• Date of Birth: February 17, 1845
  • Born City: Millersburg
  • Born State/Country: OH
  • Date of Death: February 14, 1915
  • Death City: Providence
  • Death State/Country: RI
  • Married: Arietta Winifred Clark, 28 June 1870.
  • Education:

    A.B. Iowa (now Grinnell) Coll., 1869; A.M., 1872; Ph.D. Yale, 1873; Leipzig, 1877; LL.D. Iowa Coll., 1886; U. Nebraska, 1902.

  • Dissertation:

    "The Earlier and Later Edition of Aristophanes' Clouds" (Yale, 1873)

  • Professional Experience:

    Prof. Gk., Denison U., 1874-6; Marietta Coll., 1877-84; chancellor U. Nebraska, 1884-9; U.S. consul Athens, 1889-93; prof. Gk. lit. & hist. Brown, 1892-1915; mng. comm. ASCSA, 1904-15.

  • Publications:

    Xenophon: Hellenica: Books I-TV (Boston, 1888); Xenophon: Hellenica (Boston, 1888-92); "Must We Give Up the Pauline Areopagus?," Andover Review (Nov. 1892); The Mycenean Age: A Study of the Monuments and Culture of Pre-Homerlc Greece, with Chrestos Tsountas (Boston, 1897); Aegean Days (London, 1913; Boston, 1914).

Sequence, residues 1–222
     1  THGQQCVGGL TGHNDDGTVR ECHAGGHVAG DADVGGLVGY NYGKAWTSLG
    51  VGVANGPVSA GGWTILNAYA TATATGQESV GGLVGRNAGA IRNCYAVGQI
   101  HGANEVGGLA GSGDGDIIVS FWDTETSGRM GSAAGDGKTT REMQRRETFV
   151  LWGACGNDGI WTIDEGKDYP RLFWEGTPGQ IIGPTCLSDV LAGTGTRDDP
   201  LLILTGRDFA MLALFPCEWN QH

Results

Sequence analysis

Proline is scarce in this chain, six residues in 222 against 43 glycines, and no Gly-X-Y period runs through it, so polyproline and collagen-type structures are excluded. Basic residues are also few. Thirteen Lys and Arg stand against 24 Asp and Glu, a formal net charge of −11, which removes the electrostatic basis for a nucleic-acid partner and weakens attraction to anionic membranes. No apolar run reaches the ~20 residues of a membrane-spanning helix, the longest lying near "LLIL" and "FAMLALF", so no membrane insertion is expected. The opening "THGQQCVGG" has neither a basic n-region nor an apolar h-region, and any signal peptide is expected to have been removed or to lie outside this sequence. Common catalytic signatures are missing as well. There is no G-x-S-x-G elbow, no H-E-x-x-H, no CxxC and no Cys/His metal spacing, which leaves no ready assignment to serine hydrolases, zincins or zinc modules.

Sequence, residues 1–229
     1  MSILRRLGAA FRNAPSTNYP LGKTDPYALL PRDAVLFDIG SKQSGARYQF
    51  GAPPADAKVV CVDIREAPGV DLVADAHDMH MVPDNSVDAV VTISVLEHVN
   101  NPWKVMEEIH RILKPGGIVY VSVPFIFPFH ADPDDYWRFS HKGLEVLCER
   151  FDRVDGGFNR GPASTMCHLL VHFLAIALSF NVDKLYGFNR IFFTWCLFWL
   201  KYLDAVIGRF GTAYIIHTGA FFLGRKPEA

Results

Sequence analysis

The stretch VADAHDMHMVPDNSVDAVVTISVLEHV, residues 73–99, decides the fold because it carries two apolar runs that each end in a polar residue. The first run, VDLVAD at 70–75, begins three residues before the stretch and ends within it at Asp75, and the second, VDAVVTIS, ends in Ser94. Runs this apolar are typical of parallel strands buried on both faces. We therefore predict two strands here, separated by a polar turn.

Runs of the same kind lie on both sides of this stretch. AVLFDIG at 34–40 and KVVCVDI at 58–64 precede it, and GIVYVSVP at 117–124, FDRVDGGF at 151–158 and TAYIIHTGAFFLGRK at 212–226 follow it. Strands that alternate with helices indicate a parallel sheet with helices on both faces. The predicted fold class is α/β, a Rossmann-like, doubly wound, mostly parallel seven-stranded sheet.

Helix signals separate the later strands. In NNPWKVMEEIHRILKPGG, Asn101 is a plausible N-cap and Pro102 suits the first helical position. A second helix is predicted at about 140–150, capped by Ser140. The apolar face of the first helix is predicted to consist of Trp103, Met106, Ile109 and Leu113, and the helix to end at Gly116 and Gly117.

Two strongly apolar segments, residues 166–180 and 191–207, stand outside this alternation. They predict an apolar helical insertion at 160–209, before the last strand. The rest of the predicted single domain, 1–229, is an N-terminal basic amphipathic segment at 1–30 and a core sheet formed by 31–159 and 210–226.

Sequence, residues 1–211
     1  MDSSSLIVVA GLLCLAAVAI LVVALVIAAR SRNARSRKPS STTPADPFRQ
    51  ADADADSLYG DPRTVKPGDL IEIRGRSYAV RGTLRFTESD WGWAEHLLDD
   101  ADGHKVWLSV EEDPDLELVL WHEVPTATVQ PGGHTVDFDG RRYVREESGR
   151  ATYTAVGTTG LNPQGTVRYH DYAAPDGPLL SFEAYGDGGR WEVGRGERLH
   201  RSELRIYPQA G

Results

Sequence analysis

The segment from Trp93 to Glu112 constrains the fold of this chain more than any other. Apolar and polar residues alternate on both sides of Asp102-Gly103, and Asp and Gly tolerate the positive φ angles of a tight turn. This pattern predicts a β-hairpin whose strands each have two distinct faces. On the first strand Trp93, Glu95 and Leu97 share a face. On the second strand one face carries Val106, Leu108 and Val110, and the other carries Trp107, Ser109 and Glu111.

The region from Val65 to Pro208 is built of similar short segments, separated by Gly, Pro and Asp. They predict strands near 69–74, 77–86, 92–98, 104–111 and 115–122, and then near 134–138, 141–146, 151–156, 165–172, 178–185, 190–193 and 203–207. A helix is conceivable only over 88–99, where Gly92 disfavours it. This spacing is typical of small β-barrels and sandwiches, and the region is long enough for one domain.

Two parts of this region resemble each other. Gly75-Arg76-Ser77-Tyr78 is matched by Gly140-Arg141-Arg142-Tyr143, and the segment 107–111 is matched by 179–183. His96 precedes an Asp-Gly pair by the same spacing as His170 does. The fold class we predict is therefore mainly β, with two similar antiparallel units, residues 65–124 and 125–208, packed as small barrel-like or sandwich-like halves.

• Notes:

    J. Irving Manatt achieved distinction as a classical scholar and a university administrator. As chancellor of the recently chartered (1869) University of Nebraska, he endured four stormy years before leaving in 1889. During his brief tenure as chancellor Manatt initiated graduate programs at the University and attracted to Lincoln some of the most eminent scholars ever to teach there. He also succeeded in implementing a plan of high-school accreditation, which significantly upgraded secondary education in the state.Manatt was recognized by his contemporaries as a "brilliant scholar and superb teacher." He was instrumental in introducing the Mycenean Age to the English-speaking world. Although not a practicing archaeologist, he was thoroughly familiar with the archaeological work of the day and understood its implications for the early history of Greece. His intimate understanding of Greece and Greek culture is reflected in his works. He was also a gifted public speaker. "In his use of English Chancellor Manatt had few equals. His language was clear, chaste, strong, stripped of conscious adornment and thus adorned the most—a rare gift." Manatt was a frequent contributor to reviews and magazines. His prose shares the virtues of his rhetoric.

  • Sources:

    CJ 10 (1914-5) 370; Zechariah Chafee, Jr., DAB 12:229-30; Semi-Centennial Anniversary Book: The University of Nebraska 1869-1919 (Lincoln, 1919) 122-5; Robert N. Manley, Centennial History of the University of Nebraska: I. Frontier University (1869-1919) (Lincoln, 1969) 79-95; NatCAB 8:361; WhAm 1:771.

  • Author: Valdis Leinieks